Prosecutors claimed Stomper tried to shoot his victim a second time but the gun jammed.

Acting US attorney Bridget Rohde said: 'As alleged in the complaint, the defendants were members and an associate of MS-13, an international gang known for its culture of murder.

'They sought to spread fear throughout the community by attempting to kill an individual they suspected to be a rival gang member. We will work with our law enforcement partners to make our communities safer by holding accountable those who are responsible for such acts of violence.'

FBI Director-in-Charge William Sweeney added: 'MS-13 feeds on violence and chaos, and forces people to live in fear. As we arrest and charge more gang members, they’re seeing they can’t operate in the shadows and escape getting caught. The FBI New York Office is committed to disrupting violent gangs like MS-13 that operate in the New York metropolitan area. We and our law enforcement partners will not stop investigating and rounding up members who hope to rebuild their hierarchy after we make arrests.'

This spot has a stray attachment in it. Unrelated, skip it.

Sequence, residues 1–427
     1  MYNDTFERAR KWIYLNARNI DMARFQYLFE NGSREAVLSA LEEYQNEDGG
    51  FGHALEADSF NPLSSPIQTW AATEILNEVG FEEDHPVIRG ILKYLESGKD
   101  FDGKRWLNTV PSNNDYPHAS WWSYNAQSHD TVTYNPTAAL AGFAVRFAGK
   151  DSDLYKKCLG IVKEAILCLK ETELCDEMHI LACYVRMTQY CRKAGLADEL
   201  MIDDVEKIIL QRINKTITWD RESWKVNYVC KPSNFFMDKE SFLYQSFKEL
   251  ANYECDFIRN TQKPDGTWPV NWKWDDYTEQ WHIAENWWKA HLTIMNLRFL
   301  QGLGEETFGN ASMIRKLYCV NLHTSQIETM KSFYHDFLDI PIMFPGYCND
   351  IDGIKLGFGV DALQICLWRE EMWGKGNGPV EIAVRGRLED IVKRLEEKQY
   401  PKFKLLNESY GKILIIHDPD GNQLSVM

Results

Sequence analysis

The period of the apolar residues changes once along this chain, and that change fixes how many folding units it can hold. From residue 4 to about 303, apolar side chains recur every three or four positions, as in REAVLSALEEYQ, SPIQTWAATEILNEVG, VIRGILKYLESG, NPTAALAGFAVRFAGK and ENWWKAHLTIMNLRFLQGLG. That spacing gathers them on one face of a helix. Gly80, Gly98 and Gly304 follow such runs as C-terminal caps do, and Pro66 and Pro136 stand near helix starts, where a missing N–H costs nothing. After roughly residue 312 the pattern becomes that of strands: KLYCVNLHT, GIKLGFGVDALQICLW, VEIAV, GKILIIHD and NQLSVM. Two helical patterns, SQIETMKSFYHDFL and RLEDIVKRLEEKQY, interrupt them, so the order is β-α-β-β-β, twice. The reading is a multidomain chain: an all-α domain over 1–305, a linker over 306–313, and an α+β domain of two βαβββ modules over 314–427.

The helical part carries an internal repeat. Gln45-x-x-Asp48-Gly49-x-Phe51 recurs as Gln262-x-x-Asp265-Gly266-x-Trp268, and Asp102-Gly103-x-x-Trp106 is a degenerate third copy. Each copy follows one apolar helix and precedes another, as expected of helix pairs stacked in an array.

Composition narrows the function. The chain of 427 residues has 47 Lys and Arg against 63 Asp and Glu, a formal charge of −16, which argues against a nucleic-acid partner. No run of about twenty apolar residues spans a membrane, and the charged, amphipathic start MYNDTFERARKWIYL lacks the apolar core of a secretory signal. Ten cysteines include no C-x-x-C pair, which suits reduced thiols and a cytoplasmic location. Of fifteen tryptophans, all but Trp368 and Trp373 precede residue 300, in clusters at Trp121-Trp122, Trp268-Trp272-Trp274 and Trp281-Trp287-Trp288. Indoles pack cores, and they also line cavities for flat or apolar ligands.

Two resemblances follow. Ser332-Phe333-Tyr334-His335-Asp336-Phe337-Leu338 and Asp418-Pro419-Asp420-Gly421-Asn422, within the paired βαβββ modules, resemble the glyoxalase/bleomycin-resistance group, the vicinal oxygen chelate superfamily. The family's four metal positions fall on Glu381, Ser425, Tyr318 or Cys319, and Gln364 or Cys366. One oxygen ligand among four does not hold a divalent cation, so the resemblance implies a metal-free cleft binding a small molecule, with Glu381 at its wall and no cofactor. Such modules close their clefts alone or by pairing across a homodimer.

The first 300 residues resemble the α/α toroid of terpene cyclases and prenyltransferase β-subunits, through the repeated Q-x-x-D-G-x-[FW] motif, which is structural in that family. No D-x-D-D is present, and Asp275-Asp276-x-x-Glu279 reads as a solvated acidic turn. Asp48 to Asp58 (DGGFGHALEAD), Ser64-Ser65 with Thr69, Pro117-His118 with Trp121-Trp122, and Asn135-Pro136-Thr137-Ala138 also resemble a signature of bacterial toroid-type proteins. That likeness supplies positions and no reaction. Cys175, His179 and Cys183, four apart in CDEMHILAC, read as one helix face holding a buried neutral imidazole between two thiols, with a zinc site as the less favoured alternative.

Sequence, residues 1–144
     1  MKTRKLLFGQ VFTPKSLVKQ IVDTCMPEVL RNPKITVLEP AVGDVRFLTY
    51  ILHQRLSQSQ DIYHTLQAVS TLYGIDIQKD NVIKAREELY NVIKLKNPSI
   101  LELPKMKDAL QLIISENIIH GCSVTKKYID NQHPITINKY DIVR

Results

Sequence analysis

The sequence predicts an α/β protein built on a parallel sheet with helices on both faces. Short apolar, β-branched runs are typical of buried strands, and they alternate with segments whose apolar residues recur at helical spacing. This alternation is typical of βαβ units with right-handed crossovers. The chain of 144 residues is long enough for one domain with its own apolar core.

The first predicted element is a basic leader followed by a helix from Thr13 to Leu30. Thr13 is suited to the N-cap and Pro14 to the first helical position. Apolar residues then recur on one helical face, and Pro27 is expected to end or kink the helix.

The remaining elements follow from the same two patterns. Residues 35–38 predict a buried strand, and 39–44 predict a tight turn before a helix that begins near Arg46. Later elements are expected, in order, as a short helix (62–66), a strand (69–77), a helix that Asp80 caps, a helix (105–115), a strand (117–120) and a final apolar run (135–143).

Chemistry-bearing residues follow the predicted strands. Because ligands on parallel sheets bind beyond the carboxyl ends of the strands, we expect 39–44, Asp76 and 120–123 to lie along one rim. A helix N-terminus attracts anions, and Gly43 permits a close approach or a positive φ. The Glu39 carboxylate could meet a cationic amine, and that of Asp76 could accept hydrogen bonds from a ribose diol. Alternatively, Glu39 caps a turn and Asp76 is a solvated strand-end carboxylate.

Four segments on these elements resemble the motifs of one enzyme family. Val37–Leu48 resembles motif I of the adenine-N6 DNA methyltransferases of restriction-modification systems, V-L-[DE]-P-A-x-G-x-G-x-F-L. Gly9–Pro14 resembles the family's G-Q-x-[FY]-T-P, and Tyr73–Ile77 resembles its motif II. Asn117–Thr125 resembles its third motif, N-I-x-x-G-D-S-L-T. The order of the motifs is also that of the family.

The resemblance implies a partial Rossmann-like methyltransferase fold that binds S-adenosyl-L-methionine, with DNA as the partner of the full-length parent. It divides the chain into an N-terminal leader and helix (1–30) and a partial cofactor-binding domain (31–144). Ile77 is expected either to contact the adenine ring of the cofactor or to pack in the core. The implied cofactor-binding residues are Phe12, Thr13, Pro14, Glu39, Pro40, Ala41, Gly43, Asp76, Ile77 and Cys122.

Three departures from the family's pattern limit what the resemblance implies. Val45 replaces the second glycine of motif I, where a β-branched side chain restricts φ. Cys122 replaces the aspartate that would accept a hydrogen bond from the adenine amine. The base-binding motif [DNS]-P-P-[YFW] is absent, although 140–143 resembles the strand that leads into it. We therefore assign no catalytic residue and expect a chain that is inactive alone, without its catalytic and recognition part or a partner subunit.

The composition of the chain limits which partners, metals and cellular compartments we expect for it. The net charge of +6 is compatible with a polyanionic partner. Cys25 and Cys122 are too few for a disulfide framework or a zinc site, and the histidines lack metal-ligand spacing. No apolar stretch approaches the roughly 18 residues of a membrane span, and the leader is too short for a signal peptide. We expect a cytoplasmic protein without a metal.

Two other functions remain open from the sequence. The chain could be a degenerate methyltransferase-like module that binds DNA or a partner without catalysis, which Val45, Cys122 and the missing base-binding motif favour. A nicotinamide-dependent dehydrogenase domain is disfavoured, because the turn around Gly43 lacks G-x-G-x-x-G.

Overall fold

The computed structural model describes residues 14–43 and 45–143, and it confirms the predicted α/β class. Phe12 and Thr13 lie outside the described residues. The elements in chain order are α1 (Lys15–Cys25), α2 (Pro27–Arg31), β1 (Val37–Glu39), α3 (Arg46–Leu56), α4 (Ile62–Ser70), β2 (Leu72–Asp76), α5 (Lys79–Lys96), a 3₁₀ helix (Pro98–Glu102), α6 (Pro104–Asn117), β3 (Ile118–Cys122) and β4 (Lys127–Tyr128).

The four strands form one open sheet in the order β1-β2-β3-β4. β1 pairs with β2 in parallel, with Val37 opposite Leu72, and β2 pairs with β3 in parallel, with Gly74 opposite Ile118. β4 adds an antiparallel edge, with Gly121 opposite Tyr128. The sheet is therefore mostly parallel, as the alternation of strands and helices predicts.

MS-13 emerged in the 1980s in the streets of Los Angeles among Salvadoran immigrants who had fought in their country's brutal civil war.

The gang caught on, and its ranks spread to other Central American immigrants.

In the 1990s and 2000s, many gang members were deported to El Salvador, Guatemala and Honduras, where they gained immense power, turning Central America's northern triangle into the world's deadliest region not at war.

Many then returned to the United States, strengthened by their organizational base in Central America.